Students on campus may have encountered a change in their visual surroundings recently when crossing Smith Plaza or walking by the McKinnon Center for Management. On the north side of Zimmerman Library, a whimsical large-scale sculpture titled Stone, Paper, Scissors, now sits in a raised gravel bed near outdoor seating. And on the south side of McKinnon Center, Portal, a large-scale sculpture in the form of a giant open door, is situated in a grassy area between two large pines.

Stone, Paper, Scissors by artist Kevin Box conveys a nostalgic reference to the common childhood game of Rock, Paper, Scissors and juxtaposes the carefree time of childhood against the reality of heavy workloads college students undertake during this stressful era of the world pandemic. Likewise, Portal, by artist Chris Weed, suggests the magic sense of unknown potential, opportunity, and wonder for each student that has yet many doors to walk through in their futures.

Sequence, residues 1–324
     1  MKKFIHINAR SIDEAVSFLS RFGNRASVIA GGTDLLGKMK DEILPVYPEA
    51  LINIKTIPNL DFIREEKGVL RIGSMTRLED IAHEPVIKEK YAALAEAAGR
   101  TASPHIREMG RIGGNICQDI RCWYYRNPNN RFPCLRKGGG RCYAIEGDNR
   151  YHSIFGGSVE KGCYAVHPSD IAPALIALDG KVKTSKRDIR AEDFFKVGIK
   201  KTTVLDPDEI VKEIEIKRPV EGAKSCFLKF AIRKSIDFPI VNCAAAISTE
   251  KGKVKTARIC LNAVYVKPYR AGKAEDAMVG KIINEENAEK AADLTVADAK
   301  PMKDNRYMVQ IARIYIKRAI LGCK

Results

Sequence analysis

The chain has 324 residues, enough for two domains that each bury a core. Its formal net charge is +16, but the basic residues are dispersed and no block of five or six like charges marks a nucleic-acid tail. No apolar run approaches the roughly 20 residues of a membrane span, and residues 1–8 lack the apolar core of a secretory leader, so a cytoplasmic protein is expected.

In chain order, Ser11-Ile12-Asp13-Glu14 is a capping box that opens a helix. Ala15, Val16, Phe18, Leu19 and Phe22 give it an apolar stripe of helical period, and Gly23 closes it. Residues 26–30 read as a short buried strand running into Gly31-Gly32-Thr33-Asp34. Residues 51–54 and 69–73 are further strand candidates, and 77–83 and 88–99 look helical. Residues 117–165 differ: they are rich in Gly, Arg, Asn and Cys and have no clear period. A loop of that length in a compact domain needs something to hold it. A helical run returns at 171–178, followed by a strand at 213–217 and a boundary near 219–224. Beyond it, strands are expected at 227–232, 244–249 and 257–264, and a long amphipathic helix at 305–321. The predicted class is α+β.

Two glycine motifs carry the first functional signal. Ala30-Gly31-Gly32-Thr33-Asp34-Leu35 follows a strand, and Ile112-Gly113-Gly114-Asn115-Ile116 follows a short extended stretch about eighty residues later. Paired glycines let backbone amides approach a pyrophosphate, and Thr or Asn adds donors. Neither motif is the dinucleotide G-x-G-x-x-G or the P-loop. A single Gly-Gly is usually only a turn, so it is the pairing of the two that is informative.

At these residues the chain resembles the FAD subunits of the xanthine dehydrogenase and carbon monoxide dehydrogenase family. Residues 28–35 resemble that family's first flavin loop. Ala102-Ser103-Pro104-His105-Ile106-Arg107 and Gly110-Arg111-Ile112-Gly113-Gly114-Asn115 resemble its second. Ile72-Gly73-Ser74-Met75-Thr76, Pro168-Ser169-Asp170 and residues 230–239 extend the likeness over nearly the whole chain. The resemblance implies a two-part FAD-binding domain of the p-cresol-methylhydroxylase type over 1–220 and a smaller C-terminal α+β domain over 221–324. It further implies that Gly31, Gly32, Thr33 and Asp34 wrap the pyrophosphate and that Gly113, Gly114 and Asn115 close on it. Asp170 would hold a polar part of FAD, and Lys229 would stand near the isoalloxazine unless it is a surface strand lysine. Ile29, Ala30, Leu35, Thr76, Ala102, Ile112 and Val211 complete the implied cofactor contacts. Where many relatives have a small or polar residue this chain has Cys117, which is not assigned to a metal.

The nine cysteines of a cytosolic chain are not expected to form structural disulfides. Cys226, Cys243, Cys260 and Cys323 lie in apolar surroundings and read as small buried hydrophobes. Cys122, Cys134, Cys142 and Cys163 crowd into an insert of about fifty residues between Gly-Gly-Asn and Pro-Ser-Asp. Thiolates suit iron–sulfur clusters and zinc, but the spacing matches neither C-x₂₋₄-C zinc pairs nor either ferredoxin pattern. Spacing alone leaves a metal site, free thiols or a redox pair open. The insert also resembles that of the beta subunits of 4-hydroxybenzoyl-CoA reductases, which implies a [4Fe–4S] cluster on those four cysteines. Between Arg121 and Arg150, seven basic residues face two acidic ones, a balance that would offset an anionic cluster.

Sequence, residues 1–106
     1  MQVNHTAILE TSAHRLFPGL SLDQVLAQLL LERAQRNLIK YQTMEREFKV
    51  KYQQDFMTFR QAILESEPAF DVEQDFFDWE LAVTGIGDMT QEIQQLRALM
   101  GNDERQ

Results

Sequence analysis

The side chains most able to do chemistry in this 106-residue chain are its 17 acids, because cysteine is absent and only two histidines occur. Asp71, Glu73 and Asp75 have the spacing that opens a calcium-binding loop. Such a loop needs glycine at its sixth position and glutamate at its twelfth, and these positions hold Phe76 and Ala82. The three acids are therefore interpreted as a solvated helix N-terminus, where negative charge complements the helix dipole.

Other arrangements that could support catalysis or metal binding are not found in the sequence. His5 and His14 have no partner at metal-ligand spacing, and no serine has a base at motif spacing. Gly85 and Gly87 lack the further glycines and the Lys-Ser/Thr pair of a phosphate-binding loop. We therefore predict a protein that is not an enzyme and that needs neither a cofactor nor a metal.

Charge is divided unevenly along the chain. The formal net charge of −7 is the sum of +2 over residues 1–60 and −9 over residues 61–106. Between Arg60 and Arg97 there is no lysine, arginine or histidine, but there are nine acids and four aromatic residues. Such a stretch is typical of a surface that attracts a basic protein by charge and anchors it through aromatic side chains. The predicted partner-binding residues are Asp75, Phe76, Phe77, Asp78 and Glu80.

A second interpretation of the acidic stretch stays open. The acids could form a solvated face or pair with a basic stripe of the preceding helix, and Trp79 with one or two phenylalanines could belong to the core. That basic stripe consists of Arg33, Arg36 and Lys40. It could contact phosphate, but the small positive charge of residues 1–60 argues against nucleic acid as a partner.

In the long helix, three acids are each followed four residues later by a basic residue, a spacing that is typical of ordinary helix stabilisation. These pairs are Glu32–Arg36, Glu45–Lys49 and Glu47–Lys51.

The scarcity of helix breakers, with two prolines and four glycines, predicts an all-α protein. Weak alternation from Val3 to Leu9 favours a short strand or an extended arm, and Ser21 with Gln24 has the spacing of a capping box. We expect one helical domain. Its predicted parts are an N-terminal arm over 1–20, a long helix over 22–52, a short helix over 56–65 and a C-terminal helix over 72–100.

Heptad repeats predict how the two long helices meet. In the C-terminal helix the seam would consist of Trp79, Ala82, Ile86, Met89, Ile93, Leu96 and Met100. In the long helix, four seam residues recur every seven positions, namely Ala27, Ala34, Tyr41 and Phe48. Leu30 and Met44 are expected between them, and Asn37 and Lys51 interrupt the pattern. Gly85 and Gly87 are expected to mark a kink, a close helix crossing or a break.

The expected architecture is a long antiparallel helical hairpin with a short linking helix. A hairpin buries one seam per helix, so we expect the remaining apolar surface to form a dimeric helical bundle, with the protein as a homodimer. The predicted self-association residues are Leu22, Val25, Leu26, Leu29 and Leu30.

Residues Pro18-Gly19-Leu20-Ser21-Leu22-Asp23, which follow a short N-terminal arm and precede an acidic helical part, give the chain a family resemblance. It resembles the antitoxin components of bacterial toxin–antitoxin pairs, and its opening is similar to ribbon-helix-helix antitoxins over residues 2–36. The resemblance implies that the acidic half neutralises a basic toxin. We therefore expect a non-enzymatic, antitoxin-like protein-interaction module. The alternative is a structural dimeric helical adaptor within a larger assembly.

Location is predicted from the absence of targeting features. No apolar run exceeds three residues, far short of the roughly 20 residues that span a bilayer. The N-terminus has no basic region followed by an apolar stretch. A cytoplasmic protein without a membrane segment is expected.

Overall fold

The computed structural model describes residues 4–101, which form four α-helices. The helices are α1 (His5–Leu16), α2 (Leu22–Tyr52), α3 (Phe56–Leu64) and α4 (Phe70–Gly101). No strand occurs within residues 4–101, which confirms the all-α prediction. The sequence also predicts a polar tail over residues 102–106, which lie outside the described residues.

While UNM students navigate the uncertain and stressful rigors of college, especially now, the sculptures provide opportunities for comfort and contemplation. The sculptures will also likely become traditional spots for iconic graduation photos of smiling students in cap and gown, just as the Lobo sculpture outside of Johnson Gym and the giant “U” outside of Hodgin Hall are utilized.

“The UNM Public Art Committee hopes that students and staff are able to look to these new public artworks and find a few moments of joy and wonder during these trying times,” said Maxine Marks, the acting public art manager for the UNM Public Art Committee.  

The artworks were acquired through the State of New Mexico Art in Public Places Program, a government initiative that funds public artworks throughout the state via the New Mexico Department of Cultural Affairs. The artworks were selected through a vigorous process that included several selection committees at state and local levels. The program is a generous endeavor that lawmakers fund—at no cost to UNM—by reserving 1 percent of capital bonds to acquire public artworks for the cultural benefit of New Mexicans to enjoy everywhere, every day and again here on main campus.

For more information, visit N.M. Art in Public Places.